THE Clarets are on the final countdown – and manager Sean Dyche is showing nerves of steel.

In fact, there are no nerves at all.

With Burnley boasting a 10-point cushion with 10 games to go the manager is encouraging his players to enjoy the ride, and forget any fear factor they might be faced with in getting over the line in the race for promotion.

“Why would you get nervous? We’re at the right end of the market, trust me the edginess is at the other end of the market,” said a determined Dyche.

“We had a little patch of that last season when you wonder how that situation arose.

“That’s the real edgy bit. It’s excitement at the top end of the market, that’s for sure.

“There still are plenty of challenges coming our way, but it’s a completely different feeling and mindset.

“I’ve done it as a player, coach and a manager and it’s a completely different thing at that end, at the top end of the market, than down the bottom when it’s edgy and nervy and everyone can feel unsettled.

“I thought we dealt with that with a lot of clarity last year, but I prefer to be having the feelings we’re having at the top end of the market, that’s for sure.”

It is the opposite for tomorrow’s opponents Charlton Athletic.

The relegation-threatened Addicks sacked Chris Powell after losing their FA Cup quarter final tie to Sheffield United and replaced him with former Standard Liege boss Jose Riga.

Charlton are unbeaten in his first three games in charge, and recorded their first win under his watch – a late one against Eddie Howe’s Bournemouth – in midweek.

But their Championship status is hanging in the balance, with only goal difference keeping them out of the bottom three, albeit with three games in hand over third bottom Millwall and the teams above them.

Dyche admitted that he had sympathy for Powell’s predicament.

“It was unfortunate to hear about Chris, the demand is never ending, it’s high, everyone wants instant everything,” said the Burnley boss, who was relieved of his duties at Watford after just one year in charge following a change of ownership.

“The challenges and realities of the level in the Championship and football in general, fans don’t always see it and it goes out of the window.

“If you’re not winning, if it’s not going right, ‘off you go, get another one in.’ “The realities of any given situation are not always looked at as closely as they should be, but these people have decisions to make, boardrooms or owners make decisions.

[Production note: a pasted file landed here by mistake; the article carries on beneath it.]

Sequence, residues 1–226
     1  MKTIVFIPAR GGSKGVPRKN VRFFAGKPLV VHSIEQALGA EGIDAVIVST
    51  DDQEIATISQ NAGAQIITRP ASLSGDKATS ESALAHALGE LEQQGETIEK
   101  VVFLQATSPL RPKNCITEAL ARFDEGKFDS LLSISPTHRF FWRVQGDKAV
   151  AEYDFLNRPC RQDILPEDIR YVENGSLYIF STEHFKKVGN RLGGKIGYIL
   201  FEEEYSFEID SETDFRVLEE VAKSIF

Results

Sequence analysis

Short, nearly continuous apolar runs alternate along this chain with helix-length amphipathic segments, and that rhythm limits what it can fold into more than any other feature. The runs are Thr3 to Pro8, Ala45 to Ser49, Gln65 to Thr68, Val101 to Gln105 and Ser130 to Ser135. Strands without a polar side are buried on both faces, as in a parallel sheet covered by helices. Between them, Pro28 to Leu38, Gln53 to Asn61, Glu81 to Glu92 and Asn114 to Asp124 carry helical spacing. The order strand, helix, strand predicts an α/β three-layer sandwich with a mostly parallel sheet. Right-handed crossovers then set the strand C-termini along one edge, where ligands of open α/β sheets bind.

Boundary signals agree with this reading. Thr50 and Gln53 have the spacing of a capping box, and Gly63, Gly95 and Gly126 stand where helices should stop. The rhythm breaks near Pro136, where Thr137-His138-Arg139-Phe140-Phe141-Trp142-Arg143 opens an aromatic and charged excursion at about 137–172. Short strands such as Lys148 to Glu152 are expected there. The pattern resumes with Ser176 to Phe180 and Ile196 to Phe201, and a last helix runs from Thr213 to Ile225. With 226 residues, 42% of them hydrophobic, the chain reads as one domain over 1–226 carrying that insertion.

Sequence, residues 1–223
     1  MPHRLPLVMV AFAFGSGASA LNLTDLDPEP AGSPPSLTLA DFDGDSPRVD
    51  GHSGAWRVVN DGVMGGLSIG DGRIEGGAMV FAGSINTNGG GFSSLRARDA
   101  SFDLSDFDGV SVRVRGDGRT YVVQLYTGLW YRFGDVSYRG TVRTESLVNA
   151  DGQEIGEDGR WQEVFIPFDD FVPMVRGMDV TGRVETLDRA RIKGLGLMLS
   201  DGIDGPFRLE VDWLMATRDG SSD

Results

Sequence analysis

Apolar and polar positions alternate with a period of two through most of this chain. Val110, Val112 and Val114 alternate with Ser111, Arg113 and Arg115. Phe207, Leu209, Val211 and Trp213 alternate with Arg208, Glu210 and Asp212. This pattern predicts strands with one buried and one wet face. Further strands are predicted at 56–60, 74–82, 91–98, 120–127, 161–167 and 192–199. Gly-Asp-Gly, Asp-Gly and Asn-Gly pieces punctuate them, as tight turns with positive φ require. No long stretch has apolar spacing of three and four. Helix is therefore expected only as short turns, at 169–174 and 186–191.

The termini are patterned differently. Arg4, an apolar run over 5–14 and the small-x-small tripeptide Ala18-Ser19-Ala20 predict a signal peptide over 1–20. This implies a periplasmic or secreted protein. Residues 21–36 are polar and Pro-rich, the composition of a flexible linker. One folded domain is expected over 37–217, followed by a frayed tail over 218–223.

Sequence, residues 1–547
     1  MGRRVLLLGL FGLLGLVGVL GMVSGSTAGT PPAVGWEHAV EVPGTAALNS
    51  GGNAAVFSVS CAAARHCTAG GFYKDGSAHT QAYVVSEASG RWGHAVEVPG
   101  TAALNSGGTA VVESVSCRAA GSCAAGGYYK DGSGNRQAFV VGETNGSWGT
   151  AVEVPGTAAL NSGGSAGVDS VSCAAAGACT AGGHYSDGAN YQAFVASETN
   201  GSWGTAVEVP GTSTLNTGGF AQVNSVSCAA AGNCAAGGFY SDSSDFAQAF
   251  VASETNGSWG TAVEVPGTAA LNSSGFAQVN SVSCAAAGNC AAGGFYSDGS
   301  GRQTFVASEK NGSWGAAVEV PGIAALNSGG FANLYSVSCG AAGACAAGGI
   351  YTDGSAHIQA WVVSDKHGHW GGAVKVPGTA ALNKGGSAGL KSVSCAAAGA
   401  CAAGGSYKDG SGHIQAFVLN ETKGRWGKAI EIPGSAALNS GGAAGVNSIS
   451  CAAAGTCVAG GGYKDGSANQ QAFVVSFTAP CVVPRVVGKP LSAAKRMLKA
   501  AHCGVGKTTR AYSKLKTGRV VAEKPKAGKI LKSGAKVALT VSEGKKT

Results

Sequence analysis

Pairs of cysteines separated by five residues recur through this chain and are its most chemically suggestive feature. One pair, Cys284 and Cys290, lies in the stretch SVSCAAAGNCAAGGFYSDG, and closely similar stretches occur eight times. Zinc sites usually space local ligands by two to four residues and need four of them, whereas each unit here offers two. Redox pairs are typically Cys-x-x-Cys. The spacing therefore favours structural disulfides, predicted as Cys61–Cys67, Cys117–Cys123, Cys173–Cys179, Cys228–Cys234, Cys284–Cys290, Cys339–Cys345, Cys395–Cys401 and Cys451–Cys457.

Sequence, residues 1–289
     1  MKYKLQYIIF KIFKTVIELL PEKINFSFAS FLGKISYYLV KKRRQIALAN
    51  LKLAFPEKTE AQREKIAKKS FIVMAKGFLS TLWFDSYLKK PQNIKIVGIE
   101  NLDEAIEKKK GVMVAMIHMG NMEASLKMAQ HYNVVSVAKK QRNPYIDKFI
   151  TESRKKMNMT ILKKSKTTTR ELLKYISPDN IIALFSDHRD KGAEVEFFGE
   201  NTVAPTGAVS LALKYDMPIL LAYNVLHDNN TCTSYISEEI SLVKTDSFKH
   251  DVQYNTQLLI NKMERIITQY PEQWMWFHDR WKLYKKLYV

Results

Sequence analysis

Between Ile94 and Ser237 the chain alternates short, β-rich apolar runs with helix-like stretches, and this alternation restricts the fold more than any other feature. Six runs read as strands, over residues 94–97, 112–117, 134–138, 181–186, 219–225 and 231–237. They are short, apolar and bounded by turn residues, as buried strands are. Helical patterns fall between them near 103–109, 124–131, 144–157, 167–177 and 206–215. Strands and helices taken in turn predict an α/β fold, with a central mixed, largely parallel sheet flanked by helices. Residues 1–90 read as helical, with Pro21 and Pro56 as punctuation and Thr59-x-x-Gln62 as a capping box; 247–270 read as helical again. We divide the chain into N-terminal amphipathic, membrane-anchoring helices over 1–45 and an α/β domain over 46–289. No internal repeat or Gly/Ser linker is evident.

“Every manager is out there trying to work as hard as he can, trying to be successful.

“We’re all doing a version of what we’re attempting to do here.

“But boards and owners have decisions to make, like anything in life, some decide they are right, some decide not, and it’s hard to define.

“I haven’t been in every boardroom, I only know our own.

“What I express to our board is honest and open communication, I don’t give them anything they don’t believe to be true.

“I tell them the truth, about the realities as I see it, what I think we can do with it, how we can change it, adapt it and move it forward.

“I think they value my honesty and trust, and we are aligned as a group, but that’s easy to say when it’s going well.

“We had an awkward spell last year and I think the board were strong with what I suggested was appropriate, and I’m pleased to say a lot of changes have worked.

“But it’s not always an exact science.

“People with massive budgets don’t always work, people with no budget doing things, people in the middle in the middle.

“It’s a difficult business, but we all love it.”

He added: “Obviously, as a young manager myself, you hope you’re given time to build something, you can progress whatever team or club you’ve got.

“But some of the challenges are enormous, in order to do that, and some of the realities against the challenges are mis-aligned, and that puts an ever-increasing demand in the vicious circle of management.

“If you don’t win, people eventually want change, and if you change, and still don’t win, they want change again, rather than build.

“The club (Charlton) have made a decision on it, brought a new manager in and they’ll look to change things accordingly and we have to respond to that and accept it will be another challenging game for us.”

As well as the new manager factor Dyche also feels the pitch, which has been battered by the weather, could be a leveller too.

“It’s not the norm in the Championship these days but I’m sure they don’t want it to be like that,” he said.

“Bournemouth’s wasn’t great when we played there but to be fair they’d had unreal weather for two or three weeks.

“It is what it is.

“They’re slightly more used to it, we’ve got to adapt and play the way that we think is appropriate to win a match.”